Recently, I’ve been telling people my goal in life is to find everything I own. Case in point: while I was looking for something else in my studio last week I ran across something I forgot I had: a package of Lutradur sheets. When I think of the times I could have used those in my artwork over the past year or so . . . well, better not to think about it. Better just to use these spunbonded fibers now that I know I have them.
|Art Journal cover made with Lutradur, by Wendy Cotterill.|
If you’re not familiar with Lutradur, you are missing out on a fun and practical art supply with numerous uses in mixed-media art, particularly book making and art journaling.
Lutradur is a spunbonded fiber, meaning it has no weave: you can cut it and it won’t unravel. It’s lightweight, yet sturdy–perfect for art journal pages and book covers. It takes paint, dye, and ink beautifully; you can write on it; you can print or transfer images onto it; and–if you work in a well-ventilated area or wear a respirator–you can burn it with a heat tool to create ragged edges and interesting holes.
One of the best books on the subject of creating art with these materials is Lutradur and the New Fibers: Creating Mixed-Media Art with Spunbonded Materials by artist Wendy Cotterill. In her book, Wendy walks you step-by-step through the different techniques for working with spunbonded textiles. This project for a padded art journal cover is an example of the fun you can have with Lutradur.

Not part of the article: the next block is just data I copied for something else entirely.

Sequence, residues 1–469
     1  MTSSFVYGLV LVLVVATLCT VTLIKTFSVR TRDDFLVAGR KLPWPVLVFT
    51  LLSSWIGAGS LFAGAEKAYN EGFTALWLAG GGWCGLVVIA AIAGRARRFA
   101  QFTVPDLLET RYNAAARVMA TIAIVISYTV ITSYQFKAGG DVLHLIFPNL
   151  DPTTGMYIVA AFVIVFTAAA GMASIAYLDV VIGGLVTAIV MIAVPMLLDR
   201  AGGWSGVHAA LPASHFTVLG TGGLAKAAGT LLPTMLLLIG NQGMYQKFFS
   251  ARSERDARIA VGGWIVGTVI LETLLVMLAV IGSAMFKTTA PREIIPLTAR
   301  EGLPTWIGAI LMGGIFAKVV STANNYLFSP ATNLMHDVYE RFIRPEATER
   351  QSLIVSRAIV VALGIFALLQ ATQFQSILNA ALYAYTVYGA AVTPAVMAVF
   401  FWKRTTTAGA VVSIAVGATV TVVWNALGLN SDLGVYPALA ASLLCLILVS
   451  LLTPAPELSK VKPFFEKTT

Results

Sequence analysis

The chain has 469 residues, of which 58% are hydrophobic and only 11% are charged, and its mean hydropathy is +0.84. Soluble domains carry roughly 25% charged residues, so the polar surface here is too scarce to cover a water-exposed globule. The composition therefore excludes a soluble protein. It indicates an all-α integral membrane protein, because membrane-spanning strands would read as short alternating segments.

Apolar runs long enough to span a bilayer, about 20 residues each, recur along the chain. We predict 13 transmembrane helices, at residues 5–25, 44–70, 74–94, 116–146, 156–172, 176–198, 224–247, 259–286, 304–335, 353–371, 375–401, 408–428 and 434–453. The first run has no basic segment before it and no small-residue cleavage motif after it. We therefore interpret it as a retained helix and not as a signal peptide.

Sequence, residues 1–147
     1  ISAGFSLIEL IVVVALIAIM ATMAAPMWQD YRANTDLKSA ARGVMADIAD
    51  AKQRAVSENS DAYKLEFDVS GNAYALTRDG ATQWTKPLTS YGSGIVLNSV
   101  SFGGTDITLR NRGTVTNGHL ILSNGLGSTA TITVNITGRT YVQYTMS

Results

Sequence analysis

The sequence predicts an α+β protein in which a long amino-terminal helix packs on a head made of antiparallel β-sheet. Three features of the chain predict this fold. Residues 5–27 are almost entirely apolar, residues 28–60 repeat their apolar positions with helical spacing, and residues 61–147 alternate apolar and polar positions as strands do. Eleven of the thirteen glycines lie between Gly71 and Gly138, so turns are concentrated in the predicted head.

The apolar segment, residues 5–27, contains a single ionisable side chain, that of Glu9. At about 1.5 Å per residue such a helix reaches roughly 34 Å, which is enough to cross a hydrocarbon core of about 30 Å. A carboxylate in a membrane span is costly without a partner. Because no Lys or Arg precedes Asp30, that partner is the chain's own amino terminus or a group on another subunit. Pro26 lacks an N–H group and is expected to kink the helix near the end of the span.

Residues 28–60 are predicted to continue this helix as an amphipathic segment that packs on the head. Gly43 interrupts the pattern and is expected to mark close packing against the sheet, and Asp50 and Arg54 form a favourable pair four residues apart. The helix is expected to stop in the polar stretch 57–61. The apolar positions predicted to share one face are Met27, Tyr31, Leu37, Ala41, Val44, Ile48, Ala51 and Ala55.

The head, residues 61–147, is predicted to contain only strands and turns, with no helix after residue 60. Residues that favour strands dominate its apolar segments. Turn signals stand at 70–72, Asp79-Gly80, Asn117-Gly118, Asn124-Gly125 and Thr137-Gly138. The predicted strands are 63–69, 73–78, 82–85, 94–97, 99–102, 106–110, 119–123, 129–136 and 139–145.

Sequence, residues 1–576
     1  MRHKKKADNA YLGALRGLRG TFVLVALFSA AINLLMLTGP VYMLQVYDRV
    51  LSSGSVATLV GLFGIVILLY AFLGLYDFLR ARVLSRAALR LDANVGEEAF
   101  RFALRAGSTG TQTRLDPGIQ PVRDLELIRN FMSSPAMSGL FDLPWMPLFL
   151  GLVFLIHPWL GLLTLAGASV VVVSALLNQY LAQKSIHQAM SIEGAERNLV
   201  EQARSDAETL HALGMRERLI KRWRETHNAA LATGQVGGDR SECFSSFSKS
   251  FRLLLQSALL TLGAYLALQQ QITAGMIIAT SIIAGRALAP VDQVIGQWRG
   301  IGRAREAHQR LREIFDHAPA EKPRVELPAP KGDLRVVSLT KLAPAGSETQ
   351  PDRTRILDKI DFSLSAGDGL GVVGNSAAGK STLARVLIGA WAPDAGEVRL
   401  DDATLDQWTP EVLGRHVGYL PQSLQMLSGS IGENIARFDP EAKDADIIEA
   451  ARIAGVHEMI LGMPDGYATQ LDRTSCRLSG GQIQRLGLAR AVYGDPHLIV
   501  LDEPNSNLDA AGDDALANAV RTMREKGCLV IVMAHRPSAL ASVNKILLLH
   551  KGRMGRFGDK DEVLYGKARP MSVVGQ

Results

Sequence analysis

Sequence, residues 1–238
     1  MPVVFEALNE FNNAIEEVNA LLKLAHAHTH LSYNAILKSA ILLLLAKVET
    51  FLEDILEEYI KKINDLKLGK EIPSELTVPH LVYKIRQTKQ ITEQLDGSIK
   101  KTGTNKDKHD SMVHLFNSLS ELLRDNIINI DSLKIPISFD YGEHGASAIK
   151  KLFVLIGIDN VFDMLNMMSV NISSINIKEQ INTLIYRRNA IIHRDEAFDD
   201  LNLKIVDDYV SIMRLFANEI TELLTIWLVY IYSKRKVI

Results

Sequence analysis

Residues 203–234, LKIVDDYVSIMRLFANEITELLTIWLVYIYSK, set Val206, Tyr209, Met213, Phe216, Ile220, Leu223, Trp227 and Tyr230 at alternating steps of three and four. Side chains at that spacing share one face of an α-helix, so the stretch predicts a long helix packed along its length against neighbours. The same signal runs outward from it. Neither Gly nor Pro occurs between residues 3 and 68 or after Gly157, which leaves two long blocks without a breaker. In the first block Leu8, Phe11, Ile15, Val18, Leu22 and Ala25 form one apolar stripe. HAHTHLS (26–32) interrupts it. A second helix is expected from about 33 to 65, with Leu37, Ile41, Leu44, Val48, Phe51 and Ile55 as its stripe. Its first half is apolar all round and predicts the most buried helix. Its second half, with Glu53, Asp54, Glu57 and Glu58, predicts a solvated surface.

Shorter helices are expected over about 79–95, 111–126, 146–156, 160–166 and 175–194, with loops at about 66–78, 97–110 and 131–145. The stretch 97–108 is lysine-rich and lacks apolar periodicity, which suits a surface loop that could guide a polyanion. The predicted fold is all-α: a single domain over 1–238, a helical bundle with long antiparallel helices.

Padded Art Journal cover
Note: For this project a floral image was used, but any bold image will work well.
- Laser toner black-and-white photocopy of a bold image
- Navy blue transfer dye
- Lutradur, large enough to cover the front of your journal
- Embroidery hoop
- Soldering iron
- Heat gun
- Chipboard, same size as journal cover
- Fabric, in a contrasting color
- Glue or a needle and thread
- Embroidery thread and needle (optional)
1. Paint the transfer dye over the laser photocopied image and allow to dry.
2. Place the painted copy face down onto the Lutradur and, with a hot iron, transfer the image onto the Lutradur, keeping the iron moving all the time (approximately 25 seconds).
3. Place the dyed Lutradur into an embroidery hoop and partially cut around some of the leaves/petals with a soldering iron.
4. With the Lutradur still in the hoop, apply gentle heat from the heat gun to make the cut sections curl slightly. Add hand stitching if desired.
5. Cover the chipboard with the contrasting fabric, either gluing or stitching it in place. Then cover the fabric with the dyed and cut Lutradur and affix the Lutradur in the same manner.
6. Attach the the covered board to the front of your journal.
This is just one of the many projects and techniques to choose from in Lutradur and the New Fibers. For a limited time, it’s part of the Ultimate Mixed Media Collection of products that will inspire innovative art at a great price.
P.S. Have you used Lutradur or another spunbonded textile? What do you like or dislike. Any tips? Tell me about it in the space below.